Well there is great mourning, weeping and gnashing of teeth on the left today...and I love it. The bloodbath for ObamaCare that took place yesterday at the U.S. Supreme Court is not sitting well with liberals everywhere, and they’re looking for people to blame. You know, I actually kind of feel bad for the Solicitor General who is representing Obama and the Pelosi Congress and their unconstitutional takeover in this case.
Because you’re already hearing liberals scapegoating him and saying things like, “He wasn’t prepared! How could he not be prepared for these questions?!” Listen friends, you don’t get to the point where you’re arguing before the Supreme Court if you don’t know how to prepare. You don’t get to be Solicitor General if you aren’t able to handle yourself in a courtroom. You don’t take on a case as high profile as the ObamaCare constitutionality suit if you aren’t aware of the arguments that are going to be made.
Mr. Verrilli was not the problem yesterday. The problem for the left was the argument. The problem for the left was the Constitution. There’s simply nothing that you can say to some of these points and questions if you are arguing in favor of the left’s statist point of view. First, Chief Justice Roberts:
CHIEF JUSTICE ROBERTS: Well, the same, it seems to me, would be true say for the market in emergency services: police, fire, ambulance, roadside assistance, whatever. You don't know when you're going to need it; you're not sure that you will. But the same is true for health care. You don't know if you're going to need a heart transplant or if you ever will. So there is a market there. To -- in some extent, we all participate in it. So can the government require you to buy a cell phone because that would facilitate responding when you need emergency services? You can just dial 911 no matter where you are...It seems to me that's the same as in my hypothetical. You don't know when you're going to need police assistance. You can't predict the extent to emergency response that you'll need. But when you do, and the government provides it.
It’s an excellent analogy, and indefensible for Mr. Verrilli. The talking points that work so well on cable television programs don’t work so well in front of the Supreme Court. Verrilli knows that, so he doesn’t go there – too often. And here’s why. He tried it one time in particular and Justice Anthony Kennedy – the “swing vote” that the liberals were counting on siding with them, smacked him down with an incredible statement:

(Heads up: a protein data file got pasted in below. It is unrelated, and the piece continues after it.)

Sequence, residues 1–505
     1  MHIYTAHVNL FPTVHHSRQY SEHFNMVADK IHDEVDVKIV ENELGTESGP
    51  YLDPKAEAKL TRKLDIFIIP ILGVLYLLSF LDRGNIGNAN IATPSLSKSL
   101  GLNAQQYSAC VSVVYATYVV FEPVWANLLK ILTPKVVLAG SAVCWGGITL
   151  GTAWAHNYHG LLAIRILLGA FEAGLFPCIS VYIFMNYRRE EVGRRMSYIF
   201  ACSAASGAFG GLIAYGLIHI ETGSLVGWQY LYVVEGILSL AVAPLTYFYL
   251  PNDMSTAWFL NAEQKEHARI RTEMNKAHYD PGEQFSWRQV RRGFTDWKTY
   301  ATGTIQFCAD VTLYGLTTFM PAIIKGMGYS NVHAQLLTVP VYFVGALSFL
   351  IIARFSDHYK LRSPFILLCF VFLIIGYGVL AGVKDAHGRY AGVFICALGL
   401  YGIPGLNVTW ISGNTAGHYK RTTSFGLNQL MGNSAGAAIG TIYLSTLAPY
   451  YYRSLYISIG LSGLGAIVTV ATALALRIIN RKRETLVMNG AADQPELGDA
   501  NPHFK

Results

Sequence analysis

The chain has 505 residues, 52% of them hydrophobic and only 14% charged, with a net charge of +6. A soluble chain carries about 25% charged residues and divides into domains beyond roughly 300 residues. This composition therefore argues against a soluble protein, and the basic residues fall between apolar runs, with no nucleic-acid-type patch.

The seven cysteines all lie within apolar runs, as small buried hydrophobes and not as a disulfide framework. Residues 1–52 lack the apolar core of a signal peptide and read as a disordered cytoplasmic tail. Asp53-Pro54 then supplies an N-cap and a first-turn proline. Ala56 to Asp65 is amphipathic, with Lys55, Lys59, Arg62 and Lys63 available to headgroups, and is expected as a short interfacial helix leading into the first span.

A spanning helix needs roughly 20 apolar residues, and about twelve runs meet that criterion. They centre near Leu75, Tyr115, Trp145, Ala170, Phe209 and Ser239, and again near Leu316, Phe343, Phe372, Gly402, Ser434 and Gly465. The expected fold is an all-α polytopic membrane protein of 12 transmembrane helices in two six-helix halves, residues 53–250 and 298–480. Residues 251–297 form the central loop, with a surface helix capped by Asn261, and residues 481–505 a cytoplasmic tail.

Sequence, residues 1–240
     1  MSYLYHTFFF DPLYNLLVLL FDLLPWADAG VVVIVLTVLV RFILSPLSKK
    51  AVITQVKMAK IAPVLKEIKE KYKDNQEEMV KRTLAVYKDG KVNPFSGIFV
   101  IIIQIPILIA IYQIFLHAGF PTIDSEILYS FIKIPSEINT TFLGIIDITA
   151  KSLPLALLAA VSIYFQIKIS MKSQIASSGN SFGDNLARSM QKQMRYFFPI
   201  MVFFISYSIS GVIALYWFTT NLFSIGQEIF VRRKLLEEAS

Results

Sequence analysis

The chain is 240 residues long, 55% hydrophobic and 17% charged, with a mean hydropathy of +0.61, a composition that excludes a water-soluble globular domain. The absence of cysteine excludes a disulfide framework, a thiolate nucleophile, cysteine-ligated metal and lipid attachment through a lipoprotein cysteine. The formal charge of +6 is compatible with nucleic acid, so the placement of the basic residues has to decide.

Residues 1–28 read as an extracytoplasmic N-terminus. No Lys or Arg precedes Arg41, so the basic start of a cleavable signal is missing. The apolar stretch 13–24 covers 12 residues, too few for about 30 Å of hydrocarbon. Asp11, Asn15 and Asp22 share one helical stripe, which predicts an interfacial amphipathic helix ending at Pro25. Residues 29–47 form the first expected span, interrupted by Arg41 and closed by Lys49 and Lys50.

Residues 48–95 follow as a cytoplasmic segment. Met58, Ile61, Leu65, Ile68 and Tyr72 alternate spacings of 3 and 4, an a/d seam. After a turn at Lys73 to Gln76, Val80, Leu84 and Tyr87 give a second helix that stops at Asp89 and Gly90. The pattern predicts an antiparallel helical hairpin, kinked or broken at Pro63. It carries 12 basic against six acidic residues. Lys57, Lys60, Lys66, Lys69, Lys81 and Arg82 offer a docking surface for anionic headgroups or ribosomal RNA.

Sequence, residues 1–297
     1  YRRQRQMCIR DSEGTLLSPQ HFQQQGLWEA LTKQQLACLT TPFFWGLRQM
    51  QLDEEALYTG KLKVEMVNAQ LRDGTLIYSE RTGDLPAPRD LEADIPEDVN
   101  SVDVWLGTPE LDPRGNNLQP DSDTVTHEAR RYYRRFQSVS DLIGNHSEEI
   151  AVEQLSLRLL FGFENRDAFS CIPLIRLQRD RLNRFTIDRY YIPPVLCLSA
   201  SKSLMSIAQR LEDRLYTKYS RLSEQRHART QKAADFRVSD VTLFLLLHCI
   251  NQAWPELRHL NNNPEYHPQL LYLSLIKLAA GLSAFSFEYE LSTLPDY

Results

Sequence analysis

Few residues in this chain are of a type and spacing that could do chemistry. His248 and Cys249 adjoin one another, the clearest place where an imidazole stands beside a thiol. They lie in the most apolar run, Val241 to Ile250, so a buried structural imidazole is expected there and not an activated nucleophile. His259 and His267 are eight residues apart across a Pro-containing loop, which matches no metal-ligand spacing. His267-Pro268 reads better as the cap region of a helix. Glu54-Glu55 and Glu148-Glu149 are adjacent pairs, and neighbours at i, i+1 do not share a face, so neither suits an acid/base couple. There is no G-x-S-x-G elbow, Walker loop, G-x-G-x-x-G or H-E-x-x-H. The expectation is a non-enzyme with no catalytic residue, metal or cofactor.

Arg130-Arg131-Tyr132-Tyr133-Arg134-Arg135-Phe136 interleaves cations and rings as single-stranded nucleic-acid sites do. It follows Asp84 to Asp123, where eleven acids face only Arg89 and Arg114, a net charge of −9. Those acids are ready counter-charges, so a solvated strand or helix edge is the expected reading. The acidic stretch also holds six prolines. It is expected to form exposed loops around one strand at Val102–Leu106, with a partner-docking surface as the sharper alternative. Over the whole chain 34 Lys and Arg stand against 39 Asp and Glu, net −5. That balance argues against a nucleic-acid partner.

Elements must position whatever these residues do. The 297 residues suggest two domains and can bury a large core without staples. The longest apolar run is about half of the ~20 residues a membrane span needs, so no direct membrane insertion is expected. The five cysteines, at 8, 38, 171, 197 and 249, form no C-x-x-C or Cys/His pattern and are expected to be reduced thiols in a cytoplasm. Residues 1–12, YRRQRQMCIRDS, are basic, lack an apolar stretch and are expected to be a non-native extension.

SOLICITOR GENERAL VERRILLI: ...as I read the Court's cases is that the way in which you ensure that the Federal Government stays in its sphere and the sphere reserved for the States is protected is by policing the boundary: Is the national government regulating economic activity with a substantial effect on interstate commerce?
JUSTICE KENNEDY: But the reason, the reason this is concerning, is because it requires the individual to do an affirmative act. In the law of torts our tradition, our law, has been that you don't have the duty to rescue someone if that person is in danger. The blind man is walking in front of a car and you do not have a duty to stop him absent some relation between you. And there is some severe moral criticisms of that rule, but that's generally the rule.
And here the government is saying that the Federal Government has a duty to tell the individual citizen that it must act, and that is different from what we have in previous cases and that changes the relationship of the Federal Government to the individual in the very fundamental way.
That’s a dagger. Of course, it’s also exactly what conservatives have been saying since this debate began: if the federal government can force you into commerce, simply so they can then regulate your commerce activity, that fundamentally changes the relationship of man to the state. There’s nothing the government cannot then do to an individual…or require them to do...so long as they claim they are doing it for the “public good.”
And the liberal response that Verrilli parroted that “not engaging in commerce is a form of commerce because it affects the market” is so expansive that it renders the concept of engaging in commerce meaningless.
It got so bad, that at one point, even the liberal justices were laughing at Mr. Verrilli’s arguments and his vain attempt to defend the Obama administration’s defense that Congress could punish people for not buying insurance because “it’s a tax.” This, of course, contradicts the personal Obama defense that it’s not a tax. Here’s the simple way of looking at it: ObamaCare is a mess, the arguments defending it are a mess, and the country is a mess if it isn’t overturned.